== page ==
Well, more or less.
First a photo of what makes it a tragedy.
. . . Well, good grief, looks like I neglected to take a picture of how my 1st floor hallway floor looked once all the painting and touchup was done. Guess I was too heartily sick of the effort to think of it. Suffice it to say that by the afternoon of the 21st I finished getting the second coat of the brown color (Lowe's Porch & Floor Latex Satin, tinted to match Pratt & Lambert's "Brandywine" tone) onto the 2x6 fake tile shapes on the floor of my 1st floor stairhall. The yellow/buff attempt was covered, and the too-bright "Hot Pepper" tone on the 6x6s was supplanted by the more-appropriate "Barn Red."
It looked pretty good. It looked even better that night when I peeled off the striping tape and revealed the "Slate Gray" ersatz joints.
(Got a cute squeeze ball out of it.)
Only thing is, in some very obvious places the brown didn't wholly cover the yellow. In fact, the yellow had seeped under the tape in several places, so I couldn't expect the brown to cover it. To be frank, the red-orange and the blue had seeped here and there too, despite my best efforts to burnish the masking tape down, but they weren't so glaringly noticeable as the yellow. The daylight of Tuesday morning revealed that the yellow was showing a lot more than I'd thought. The brown "tiles" had a nice build up in comparison to the "joints" which gave a nice, realistic effect. But you could often see the yellow under the brown along the edge when the light hit it the right way, especially towards the front room end where there were two coats of the lighter color.
Thus ensued three, yea, four gruelling days of creeping along on my hands and knees with gray paint on a fine detail brush trying to cover all that yellow, trying to get a hair or two of the brush just to catch that thin but maddeningly visible edge peeking out along my nice gray joint, repeatedly thinking I'd got it all and what I still saw was just highlights and shine, and repeatedly having to go back and try again once the sunlight or the illumination from the ceiling fixture fell upon it. In all, picking up spilled salt with one's eyelashes would have been preferable.
By Friday the 25th the yellow wasn't completely covered, but the effect was good enough considering normal lighting conditions. So I began applying my clear sealer topcoat. Since I was using floor paint, you'd think four coats total over primer would be enough to stand up to normal use. But I've used fhe same product in the basement, and after a year or two it does begin to wear. I've put too much work into this paint job not to give it some protection. Due to its non-yellowing properties (I don't want my blue squares turning green) and going on the advice of the paint counter guy at Home Depot and following the example of Jayne over at The Kelly House, I went with the Minwax Polycrylic finish. I wanted a bit of texture to it; maybe I should say, a bit more texture added to what I'd already rolled and stippled on, so that night I applied the first coat using a four-inch long, 1/8" nap mini-roller.
Meh. Didn't work. The roller didn't hold enough of the liquid so it dried too fast. Rolling it back and forth left visible tracks and they didn't level out. Carp.
So on Saturday after hand-scuffing it with 220-grit sandpaper, I said, "Oh, all right," and used a brush, like Jayne did. A good-quality, synthetic one, like the can recommended. Focussed on getting the stuff down and not overworking it.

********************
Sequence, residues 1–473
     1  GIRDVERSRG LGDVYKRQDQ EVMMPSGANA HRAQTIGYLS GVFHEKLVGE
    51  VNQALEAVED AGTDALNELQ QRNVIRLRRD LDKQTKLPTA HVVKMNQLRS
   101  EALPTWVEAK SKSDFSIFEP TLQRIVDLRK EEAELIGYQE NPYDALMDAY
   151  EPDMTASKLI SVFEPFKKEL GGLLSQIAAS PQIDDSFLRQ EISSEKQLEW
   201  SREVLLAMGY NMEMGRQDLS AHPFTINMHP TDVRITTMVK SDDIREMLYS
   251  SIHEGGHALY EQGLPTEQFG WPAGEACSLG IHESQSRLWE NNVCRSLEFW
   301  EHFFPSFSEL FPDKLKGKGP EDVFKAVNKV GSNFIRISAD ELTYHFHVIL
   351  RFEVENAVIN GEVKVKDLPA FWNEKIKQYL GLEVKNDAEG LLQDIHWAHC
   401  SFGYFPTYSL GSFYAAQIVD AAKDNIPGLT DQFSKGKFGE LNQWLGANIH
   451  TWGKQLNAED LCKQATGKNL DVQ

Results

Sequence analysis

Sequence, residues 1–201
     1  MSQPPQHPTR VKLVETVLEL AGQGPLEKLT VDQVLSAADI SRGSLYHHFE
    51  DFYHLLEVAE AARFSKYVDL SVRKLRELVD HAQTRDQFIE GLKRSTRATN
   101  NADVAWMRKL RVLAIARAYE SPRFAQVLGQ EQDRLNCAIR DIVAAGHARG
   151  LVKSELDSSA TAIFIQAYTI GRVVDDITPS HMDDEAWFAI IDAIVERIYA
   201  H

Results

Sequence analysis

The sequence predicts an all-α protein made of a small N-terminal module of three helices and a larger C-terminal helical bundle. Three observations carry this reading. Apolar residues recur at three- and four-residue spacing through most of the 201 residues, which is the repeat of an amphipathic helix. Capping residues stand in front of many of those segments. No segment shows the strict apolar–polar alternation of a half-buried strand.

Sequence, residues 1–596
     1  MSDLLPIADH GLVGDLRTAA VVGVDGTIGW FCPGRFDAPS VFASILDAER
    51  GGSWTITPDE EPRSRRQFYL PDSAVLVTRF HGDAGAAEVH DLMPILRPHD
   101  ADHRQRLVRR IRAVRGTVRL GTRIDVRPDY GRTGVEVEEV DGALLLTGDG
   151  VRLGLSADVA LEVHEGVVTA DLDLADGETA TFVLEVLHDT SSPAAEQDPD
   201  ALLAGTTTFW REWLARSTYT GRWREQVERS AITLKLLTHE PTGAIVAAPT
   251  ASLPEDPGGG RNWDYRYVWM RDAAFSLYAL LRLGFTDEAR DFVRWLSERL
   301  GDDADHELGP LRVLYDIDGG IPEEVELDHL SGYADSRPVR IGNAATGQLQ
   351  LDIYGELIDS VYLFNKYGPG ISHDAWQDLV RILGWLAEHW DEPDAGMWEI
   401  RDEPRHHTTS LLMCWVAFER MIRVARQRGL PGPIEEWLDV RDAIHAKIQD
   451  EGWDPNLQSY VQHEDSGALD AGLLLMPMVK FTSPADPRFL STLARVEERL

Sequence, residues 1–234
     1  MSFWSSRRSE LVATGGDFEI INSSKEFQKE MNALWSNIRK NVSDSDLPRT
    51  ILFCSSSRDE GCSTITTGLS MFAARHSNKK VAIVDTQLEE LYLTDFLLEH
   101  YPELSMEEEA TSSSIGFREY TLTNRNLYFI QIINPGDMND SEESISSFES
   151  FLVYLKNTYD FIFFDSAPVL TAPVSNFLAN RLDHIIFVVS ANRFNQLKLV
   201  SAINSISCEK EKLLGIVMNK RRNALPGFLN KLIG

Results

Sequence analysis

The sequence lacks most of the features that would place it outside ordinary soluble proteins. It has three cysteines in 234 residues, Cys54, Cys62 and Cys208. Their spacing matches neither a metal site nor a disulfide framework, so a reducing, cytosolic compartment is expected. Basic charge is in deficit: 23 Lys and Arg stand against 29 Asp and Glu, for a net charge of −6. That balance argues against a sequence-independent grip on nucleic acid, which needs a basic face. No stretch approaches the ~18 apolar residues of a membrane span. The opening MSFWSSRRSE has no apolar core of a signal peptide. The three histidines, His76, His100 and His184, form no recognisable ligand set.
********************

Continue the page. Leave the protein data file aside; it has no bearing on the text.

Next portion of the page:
Well, the mini-roller tracks were no longer obvious, but I'd missed several places. "Holidays," real painters call them. So I went online to see what the forums said about rectifying holidays in a Minwax Polycrylic finish.
Oh, crumb. Carpity carp. Found a site that addressed the problem, but it was referring to furniture finishing. All the forums were uniform in declaring that Minwax Polycrylic is not recommended for floors. Including the Minwax website. And the back of the Polycrilic can. But what are we supposed to do if we don't want our painted finishes to turn yellow? There's really nothing else out there that'll dry clear. So I guess we're stuck.
Maneuvered over to a YouTube video where somebody had done a tromp d'oeil painted wood floor and coated it over with six (count 'em, six!) coats of clear acrylic. And another one where a professional floor finisher was using the product to redo a wood floor. He was using a paint roller on a pole. It appeared that he was getting good, even coverage without premature drying or lap marks. Hey, it might be a good idea for the next coat. And it would have to be a whole next coat, because not only did I have holidays, I had brush marks as well.
So on Sunday I put my roller and pole together and went to work. Aaaaggghhhh!!!! Lacymosa, dies illa!! It left lap marks. Baaaaaaad ones. They showed up white even after the finish had dried. And even though I tried to be careful and not push it, the nap on the roller left bubbles all over my beautiful painted floor!
Lord, don't let me cuss. Though I really, really want to. I really, really, really want--!!
I don't know. It looks so bad. All that work, to come to this. I don't see being able to hand sand that out. I'm considering using the orbital sander. Which might rip up the whole paint job, even with 220-grit paper on it. Whatever happens, it'll need another coat of the Polycrilic afterwards. This time I think I'll do what I should have done in the first place: Lay the finish on with a sponge brush and apply it to the "tiles" individually. And do it very, very, very gently.
Though gentle is not at all how I'm feeling right now. Aaaaaaagggggghhhhhh!!!! Disaster! Tragedy! Woe!!!!!